On December 15, 2022, the California Occupational Safety & Health Standards Board (Board) adopted COVID-19 prevention non-emergency workplace standards in a 6-1 vote. The standards will be in Title 8, Division 1, Chapter 4, Subchapter 7, of California’s regulations and, if approved by the Office of Administrative Law, will take effect in January 2023. The standards will sunset two years following their effective date, except for certain recordkeeping requirements that will remain in effect for three years.
Subchapter 7, titled “General Industry Safety Orders,” establishes minimum occupational safety and health standards that generally apply to all places of employment in California. In response to the COVID-19 outbreak, the Board previously approved emergency temporary standards (ETS) on COVID-19 prevention starting in November 2020, which were revised in June 2017, January 2022, and May 2022. However, the May 2022 ETS is set to expire on December 31, 2022.
Notable portions of the adopted non-emergency standards are summarized below.
- Prevention Program: Employers are no longer required to maintain a standalone COVID-19 Prevention Plan but must still address COVID-19 in their written Injury and Illness Prevention Programs or other standalone documents that include measures to address COVID-19 transmission in the workplace. Further, employers are required to review applicable state and local health department guidance when determining measures to prevent and address COVID-19 transmission.
- Screening and Exclusion: Employers will no longer have to perform daily screenings of employees, whether through questionnaires or otherwise. Employees instead are encouraged to report their own symptoms and stay home if ill. Time periods for exclusion have been shortened, and employees who are deemed close contacts do not necessarily have to be excluded if they test negative and meet certain other requirements.
- Employee Accommodations: In perhaps the most contested development, employers will no longer have to provide paid time off to infected employees or close contacts ordered to stay home. Instead, those employees must rely on other existing benefits if they are unable to work due to COVID-19 infection or isolation. Employers must continue to provide respirators to employees upon requests, and employees must still wear masks at work for at least 5 days if exposed. Companies experiencing outbreaks, defined as three or more cases in a 14-day period, must make testing available to exposed employees immediately and provide tests twice a week.
- Notice and Timing: Notice rules now only require notice to close contacts “as soon as possible” while simplifying the notice contents. However, employers should remain mindful of similar applicable rules that currently still require that the notice be given within one business day. Outbreaks no longer require “no new cases” to conclude and instead only require “one or fewer” new cases over a two-week period. A major outbreak, defined as 20 cases in a 30-day period, must be reported to the California Division of Occupational Safety and Health. While there will no longer be a requirement to report outbreaks to local public health agencies, employers should still be mindful of other local standards for reporting.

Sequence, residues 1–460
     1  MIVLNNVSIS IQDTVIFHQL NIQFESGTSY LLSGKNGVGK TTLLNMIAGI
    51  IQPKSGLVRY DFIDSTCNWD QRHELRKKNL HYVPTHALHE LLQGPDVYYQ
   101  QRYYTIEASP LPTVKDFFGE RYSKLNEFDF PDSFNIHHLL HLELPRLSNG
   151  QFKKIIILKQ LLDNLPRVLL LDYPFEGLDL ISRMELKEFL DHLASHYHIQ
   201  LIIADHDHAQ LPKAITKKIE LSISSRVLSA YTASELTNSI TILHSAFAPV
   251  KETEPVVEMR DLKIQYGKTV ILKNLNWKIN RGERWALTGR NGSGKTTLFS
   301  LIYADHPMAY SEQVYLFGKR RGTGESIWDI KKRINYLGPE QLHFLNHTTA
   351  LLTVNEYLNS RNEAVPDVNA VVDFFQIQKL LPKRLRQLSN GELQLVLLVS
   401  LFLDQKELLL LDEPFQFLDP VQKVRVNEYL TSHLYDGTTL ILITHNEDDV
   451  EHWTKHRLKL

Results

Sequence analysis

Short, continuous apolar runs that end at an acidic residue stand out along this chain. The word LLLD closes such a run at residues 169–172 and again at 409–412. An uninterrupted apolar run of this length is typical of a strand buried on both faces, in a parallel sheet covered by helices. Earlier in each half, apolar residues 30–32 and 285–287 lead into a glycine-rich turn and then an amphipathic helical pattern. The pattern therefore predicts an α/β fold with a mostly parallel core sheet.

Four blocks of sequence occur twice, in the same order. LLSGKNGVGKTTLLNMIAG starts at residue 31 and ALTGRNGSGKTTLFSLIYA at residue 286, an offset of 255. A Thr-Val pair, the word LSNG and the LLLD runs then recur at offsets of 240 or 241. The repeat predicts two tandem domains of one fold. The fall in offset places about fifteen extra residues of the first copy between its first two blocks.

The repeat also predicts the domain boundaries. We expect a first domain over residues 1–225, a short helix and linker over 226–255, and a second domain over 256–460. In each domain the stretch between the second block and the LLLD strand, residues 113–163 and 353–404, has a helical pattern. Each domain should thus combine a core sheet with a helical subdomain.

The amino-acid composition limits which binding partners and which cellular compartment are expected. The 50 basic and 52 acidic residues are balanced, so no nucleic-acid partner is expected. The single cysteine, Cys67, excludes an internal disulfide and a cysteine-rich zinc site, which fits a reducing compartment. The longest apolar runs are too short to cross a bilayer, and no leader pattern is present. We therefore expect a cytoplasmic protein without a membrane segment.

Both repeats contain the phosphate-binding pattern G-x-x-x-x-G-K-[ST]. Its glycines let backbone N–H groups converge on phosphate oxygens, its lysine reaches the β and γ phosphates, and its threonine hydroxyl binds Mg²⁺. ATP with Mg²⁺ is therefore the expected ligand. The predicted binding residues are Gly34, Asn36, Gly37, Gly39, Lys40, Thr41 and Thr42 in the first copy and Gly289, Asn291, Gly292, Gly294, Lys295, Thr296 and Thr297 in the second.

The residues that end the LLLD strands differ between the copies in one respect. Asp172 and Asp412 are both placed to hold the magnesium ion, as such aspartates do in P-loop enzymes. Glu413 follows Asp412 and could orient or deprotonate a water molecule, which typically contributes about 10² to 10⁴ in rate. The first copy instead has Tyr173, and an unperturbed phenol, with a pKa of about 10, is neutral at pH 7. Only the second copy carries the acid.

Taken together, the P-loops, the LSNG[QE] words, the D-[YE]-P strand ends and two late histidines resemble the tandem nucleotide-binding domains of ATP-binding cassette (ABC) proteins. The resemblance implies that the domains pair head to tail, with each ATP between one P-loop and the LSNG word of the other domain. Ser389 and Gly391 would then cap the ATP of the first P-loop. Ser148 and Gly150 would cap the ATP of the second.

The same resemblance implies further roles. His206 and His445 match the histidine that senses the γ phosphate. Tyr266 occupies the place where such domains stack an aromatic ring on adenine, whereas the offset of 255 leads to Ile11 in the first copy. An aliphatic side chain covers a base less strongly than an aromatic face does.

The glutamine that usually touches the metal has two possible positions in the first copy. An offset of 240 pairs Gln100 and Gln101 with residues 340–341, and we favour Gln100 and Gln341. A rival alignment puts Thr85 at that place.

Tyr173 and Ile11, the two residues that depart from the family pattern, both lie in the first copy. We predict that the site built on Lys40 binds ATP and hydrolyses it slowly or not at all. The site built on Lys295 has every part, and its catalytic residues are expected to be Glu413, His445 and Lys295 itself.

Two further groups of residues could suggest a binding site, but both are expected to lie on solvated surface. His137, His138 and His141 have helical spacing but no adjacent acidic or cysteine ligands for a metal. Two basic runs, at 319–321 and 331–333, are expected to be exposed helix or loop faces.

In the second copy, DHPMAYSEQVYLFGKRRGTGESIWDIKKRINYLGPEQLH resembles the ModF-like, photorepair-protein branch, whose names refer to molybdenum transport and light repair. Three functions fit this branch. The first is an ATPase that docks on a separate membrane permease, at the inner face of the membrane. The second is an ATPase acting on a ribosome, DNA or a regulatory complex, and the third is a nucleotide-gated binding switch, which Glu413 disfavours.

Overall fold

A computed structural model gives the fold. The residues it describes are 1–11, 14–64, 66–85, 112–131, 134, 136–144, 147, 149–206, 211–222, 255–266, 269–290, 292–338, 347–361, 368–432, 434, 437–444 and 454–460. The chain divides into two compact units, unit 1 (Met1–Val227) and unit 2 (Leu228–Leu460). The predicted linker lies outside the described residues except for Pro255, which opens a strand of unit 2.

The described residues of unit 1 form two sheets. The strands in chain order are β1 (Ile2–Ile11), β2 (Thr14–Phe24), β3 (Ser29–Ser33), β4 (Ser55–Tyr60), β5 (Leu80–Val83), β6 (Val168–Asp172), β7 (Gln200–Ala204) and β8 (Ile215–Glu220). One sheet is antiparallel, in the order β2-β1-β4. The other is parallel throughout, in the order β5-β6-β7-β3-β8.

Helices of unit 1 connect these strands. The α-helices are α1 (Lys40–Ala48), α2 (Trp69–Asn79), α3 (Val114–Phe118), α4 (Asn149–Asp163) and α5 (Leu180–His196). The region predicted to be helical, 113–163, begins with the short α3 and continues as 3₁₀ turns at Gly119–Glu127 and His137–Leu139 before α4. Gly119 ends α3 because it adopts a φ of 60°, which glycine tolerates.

- Close Contacts and Testing: The “close contact” definition continues to follow that used by the California Department of Public Health (CDPH), which defines a close contact depending on the size of the workspace and regardless of the use of face coverings.
- A close contact occurs in an indoor workspace with floor space of 400,000 cubic feet or less when someone shares the same indoor airspace as an infected person for a cumulative total of 15 minutes or more over a 24-hour period during the infectious period.
- A close contact occurs for larger indoor workspaces when someone is within 6 feet of the infected person for a cumulative total of 15 minutes or more during a 24-hour period during the infectious period.
Notably, this standard affirmatively states that any future amendments to the CDPH definition will take precedent over the Board’s adopted definition. Employers must also follow applicable CDPH guidance to improve ventilation and filtration. Further, employers will now only have to make testing available at no cost to employees who are considered close contacts of an infected coworker, versus previous requirements that testing be made available to all symptomatic employees.
- Infectious Period: This definition also tracks that of CDPH and states that a person is considered infectious for two days prior to symptoms and 10 days after unless they test negative from the fifth day onward. For an asymptomatic person, these same timeframes apply based on the date of the first positive test.
The Board’s news release can be read here and the text of the adopted standards is available here. We will continue to monitor COVID-19 and other workplace health and safety developments in the Corporate Environmental Lawyer.